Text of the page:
After Dr. Reisman conducted a physical examination of Bouley, he ordered X-rays taken of Bouley's left ribs. She went to the X-ray department where four X-rays were taken: three showing the left ribs at different angles and one a posterior, anterior chest X-ray. She then returned with her X-rays to the emergency department. Because it was Sunday and after 5 P.M. when the X-rays were taken, no radiologist was on duty.

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Dr. Reisman read and interpreted the X-rays, including the chest X-ray. He wrote "OK" on the reading form and discharged Bouley. He made a discharge diagnosis of "contusion left ribs" and wrote that her condition upon discharge was "good." He then referred her X-rays to the radiology department for review by a radiologist the following day.

The defendant, Dr. Sitzman, a radiologist, was on duty the next day. He read all of Bouley's X-rays that morning. When he read Bouley's chest X-ray, he saw an indeterminate density in the right upper lobe of her lung. It was Dr. Sitzman's opinion that the density he detected in Bouley's lung represented a "significant positive finding" which required further investigation. Bouley was not informed of the presence of the density by either Dr. Reisman or Dr. Sitzman or any other physician at the Malden Hospital. Ten months later at the Lahey Clinic, the density seen by Dr. Sitzman was diagnosed as a malignant lung cancer. Bouley died from lung cancer on February 19, 1987.

1. Alleged errors in the judge's instructions to the jury. Bouley has raised three issues concerning the judge's instructions to the jury. All three issues concern the failure of the judge to instruct the jury in accordance with Bouley's requests.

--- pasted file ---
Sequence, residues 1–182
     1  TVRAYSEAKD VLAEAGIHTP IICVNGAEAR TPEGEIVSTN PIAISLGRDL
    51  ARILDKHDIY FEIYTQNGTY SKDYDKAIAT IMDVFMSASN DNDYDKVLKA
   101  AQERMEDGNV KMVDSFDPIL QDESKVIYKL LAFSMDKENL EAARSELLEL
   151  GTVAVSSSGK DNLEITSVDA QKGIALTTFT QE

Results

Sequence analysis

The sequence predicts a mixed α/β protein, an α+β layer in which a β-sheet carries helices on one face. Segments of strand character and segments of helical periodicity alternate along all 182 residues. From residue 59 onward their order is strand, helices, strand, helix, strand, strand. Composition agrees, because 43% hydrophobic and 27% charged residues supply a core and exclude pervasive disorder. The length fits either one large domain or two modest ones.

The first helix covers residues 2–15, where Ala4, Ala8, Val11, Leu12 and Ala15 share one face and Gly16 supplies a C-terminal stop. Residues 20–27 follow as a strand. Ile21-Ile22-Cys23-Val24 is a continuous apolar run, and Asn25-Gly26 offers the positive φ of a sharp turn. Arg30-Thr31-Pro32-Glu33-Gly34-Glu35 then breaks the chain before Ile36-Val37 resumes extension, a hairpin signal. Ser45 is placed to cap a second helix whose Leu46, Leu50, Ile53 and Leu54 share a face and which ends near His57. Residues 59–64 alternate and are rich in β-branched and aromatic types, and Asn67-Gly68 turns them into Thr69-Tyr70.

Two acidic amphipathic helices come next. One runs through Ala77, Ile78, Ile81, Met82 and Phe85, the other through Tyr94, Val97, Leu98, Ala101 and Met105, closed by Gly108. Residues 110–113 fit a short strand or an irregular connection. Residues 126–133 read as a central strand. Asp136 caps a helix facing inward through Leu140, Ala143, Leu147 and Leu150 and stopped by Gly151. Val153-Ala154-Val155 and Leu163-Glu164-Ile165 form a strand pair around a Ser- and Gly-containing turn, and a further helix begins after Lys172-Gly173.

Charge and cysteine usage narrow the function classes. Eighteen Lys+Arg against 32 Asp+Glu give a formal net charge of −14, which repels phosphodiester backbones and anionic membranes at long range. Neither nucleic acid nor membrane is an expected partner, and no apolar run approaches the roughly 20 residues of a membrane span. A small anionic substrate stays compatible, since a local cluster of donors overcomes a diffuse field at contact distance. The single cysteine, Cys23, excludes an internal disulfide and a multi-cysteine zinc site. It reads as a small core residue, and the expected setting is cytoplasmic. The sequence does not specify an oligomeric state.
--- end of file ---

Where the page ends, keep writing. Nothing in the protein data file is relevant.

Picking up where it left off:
a. Requested instruction as to inference to be drawn against Dr. Sitzman from lack of written record of telephone call. Dr. Sitzman testified that when a patient was referred to him by the emergency department it was his personal practice to report significant positive findings (such as he saw in Bouley's chest X-ray) both through a written report and through a telephone report to the emergency department. It was his practice not to ask for anyone in particular when he called, but rather to give the information to whoever answered the telephone. It was Dr. Sitzman's impression that his oral report of a significant positive finding would always be written down by the person receiving the telephone call in the emergency room. Dr. Sitzman had no actual memory of making a telephone call concerning the Bouley matter but testified that he thinks it was made because

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he always telephoned in that situation. The doctor who was on duty in the emergency department the day that Dr. Sitzman read Bouley's X-rays and who was also an ECI employee, could not remember any such telephone call. [Note 4] If that doctor had received a telephone call from Dr. Sitzman, there would have been some notation made in Bouley's medical record about the contents of the telephone message. No such notation appeared in Bouley's record.

Bouley submitted the following request for an instruction by the judge to the jury: